BABUR, CLIVE and KOHINOOR
India a land of seductive riches, land of the Kohinoor diamond a priceless gem which legend says was given by the god Krishna to test mankind's greed. Possessed of such wealth and beauty, thought Krishna, would men behave like beasts? or would they think and achieve wisdom? This is the story of India and its conquerors. One stormed south across the mountains, one came from across the seas, both were hungry for wealth and dominion. Each would become his own answer to Krishna's question wise man or beast? For three hundred years the Mughal empire dominated India. It was a Mughal emperor who created the radiant mountain of white marble called the Taj Mahal, one of the wonders of the world. The wealth and sophistication of the Mughal court were legendary. Here, Mughal kings ruled from the famous peacock throne made of gold, rubies and sapphires. All these treasures of the Mughal empire were the legacy of one remarkable man, a poet, a killer, a wild nomad who was not from India at all. His name was Babur. Babur's life began in 1483 in Fergana, a small kingdom in the highlands of central Asia. Fergana was one square of a bloodstained checkerboard of competing dynasties, each struggling to expand its little empire. But a little empire wasn't what Babur had in mind. Babur's dynasty was part Turk and part Mongol Mughals as the Persians called them. Babur was a direct descendant of the two greatest conquerors of Central Asian history, Genghis Khan and Timur or Tamerlane. He wanted something that would be worthy of their memory. From the very beginning, Babur tried to take inspiration from Genghis and Timur. These were his two heroes. And it was probably this reason which had, at times, goaded him to think of India as his final destination. Born to nobility, at 11 Babur inherited Fergana. Almost immediately other warlords tried to take it away from him. Not surprisingly for one so young, the fortunes of war started to turn against him. Before long, he had lost much of his kingdom and his men deserted in droves to hitch their fortunes to more promising leaders. All seven or eight hundred of my lords and warriors deserted me. It was a terrible blow. I remember, I couldn't help crying. He was only fifteen. It was a harsh education which made young Babur's heart ache. But his early failures toughened him. If you desire to rule and conquer, you don't just fold your hands when things go wrong you act. Action meant war. And with whichever followers he could muster, he started to wage guerrilla warfare against his more powerful neighbors. He and his men seesawed between victory and defeat. Allies deserted him; enemies became allies. One day in 1501, he laughed when he realized a sword he had given to an ally as a token of loyalty one year, was the same one that almost split his skull in battle the next. My own soul is my most faithful friend. My own heart, my truest confidant. Always, Babur's ambition was to found a great dynasty like his ancestors. He needed children who would be his heirs. He admitted he was so shy as a young man, his mother and sisters had to bully him into sleeping with his first wife.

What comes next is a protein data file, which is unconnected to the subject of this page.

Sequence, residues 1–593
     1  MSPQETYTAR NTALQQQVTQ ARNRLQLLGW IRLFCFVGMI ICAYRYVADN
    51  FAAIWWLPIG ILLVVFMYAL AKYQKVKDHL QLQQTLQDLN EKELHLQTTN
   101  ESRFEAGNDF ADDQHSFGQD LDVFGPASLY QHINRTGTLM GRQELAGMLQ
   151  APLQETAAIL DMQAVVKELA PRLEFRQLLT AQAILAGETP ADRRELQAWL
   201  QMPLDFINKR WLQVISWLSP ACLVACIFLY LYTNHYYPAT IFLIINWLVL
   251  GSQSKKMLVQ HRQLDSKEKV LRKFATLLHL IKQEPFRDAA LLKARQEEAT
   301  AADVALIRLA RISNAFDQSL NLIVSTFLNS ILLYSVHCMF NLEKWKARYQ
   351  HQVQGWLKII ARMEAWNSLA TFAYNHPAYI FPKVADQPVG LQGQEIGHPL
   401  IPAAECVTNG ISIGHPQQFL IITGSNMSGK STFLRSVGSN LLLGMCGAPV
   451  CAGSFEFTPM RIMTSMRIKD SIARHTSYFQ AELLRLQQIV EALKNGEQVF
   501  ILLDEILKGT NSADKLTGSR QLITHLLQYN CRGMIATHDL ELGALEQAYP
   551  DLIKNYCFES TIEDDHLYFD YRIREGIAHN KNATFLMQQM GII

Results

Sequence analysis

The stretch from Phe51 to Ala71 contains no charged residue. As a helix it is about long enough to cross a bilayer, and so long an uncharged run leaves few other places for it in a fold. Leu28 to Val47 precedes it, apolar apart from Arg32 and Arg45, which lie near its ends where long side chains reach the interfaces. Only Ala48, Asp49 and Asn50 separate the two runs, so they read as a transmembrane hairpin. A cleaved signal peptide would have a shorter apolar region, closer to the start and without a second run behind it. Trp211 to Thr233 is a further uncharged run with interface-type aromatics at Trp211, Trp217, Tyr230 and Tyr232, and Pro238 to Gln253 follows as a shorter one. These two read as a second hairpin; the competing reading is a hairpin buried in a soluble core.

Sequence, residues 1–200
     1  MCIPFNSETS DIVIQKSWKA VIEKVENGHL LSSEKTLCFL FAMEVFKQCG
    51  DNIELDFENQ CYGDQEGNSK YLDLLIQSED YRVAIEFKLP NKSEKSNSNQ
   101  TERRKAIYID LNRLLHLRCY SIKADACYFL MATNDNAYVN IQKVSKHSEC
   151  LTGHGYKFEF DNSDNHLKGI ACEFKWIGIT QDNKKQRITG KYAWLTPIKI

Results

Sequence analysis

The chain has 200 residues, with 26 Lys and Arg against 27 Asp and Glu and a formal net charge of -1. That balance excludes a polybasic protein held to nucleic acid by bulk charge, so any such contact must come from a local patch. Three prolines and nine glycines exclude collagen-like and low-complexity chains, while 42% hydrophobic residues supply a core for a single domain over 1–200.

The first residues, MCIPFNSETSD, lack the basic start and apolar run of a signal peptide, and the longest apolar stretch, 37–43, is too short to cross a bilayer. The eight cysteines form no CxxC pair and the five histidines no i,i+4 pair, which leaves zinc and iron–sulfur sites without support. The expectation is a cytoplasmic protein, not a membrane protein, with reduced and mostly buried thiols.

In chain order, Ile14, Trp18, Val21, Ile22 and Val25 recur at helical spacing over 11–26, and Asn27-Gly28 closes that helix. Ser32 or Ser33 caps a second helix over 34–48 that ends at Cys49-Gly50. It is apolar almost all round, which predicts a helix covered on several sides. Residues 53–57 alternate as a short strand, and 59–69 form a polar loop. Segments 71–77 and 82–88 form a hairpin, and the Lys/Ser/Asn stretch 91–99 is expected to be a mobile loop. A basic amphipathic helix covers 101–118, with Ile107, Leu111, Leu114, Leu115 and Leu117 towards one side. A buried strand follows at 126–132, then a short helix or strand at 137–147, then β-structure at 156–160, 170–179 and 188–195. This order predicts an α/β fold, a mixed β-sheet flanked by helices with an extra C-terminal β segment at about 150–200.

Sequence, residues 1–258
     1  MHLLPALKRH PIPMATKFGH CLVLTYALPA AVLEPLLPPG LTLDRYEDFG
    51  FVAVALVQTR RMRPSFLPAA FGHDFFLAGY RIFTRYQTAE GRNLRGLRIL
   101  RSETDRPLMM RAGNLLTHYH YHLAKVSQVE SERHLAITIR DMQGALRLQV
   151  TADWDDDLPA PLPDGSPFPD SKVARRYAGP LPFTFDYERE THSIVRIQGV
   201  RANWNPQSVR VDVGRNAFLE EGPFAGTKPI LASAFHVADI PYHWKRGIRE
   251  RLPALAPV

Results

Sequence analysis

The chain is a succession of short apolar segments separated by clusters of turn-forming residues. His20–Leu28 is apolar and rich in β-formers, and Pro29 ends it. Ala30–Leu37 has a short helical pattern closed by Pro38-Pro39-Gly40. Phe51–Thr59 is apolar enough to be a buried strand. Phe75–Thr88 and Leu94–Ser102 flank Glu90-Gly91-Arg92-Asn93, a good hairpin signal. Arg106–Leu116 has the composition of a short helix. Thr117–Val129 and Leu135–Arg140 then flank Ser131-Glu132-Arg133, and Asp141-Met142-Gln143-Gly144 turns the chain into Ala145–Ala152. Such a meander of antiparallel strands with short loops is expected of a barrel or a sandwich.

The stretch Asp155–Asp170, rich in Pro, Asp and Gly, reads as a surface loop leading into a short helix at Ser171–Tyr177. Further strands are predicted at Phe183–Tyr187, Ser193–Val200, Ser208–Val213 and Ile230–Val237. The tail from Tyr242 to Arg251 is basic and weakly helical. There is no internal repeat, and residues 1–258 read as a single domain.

But before long he had more wives, and a son, Humayun, on whom the weight of Babur's dreams would fall. With his succession assured, the question that now dogged him was: what would he leave his sons? He had lost his kingdom and was being shut out of Central Asia. So where was the land in which his dynasty could flourish? Slowly, Babur's reputation as a warlord was growing and with it the perception that he might be a future ruler after all. Lured by the promise of conquest and booty, warriors of other dynasties began to join him. In 1504, Babur's fortunes took a decisive turn for the better. He caught wind of tumult in the Afghan kingdom of Kabul to the south. Here, he thought, was a chance. At the age of 21, Babur rode out of the mountains with his small band of men and raced toward Kabul. Warriors...
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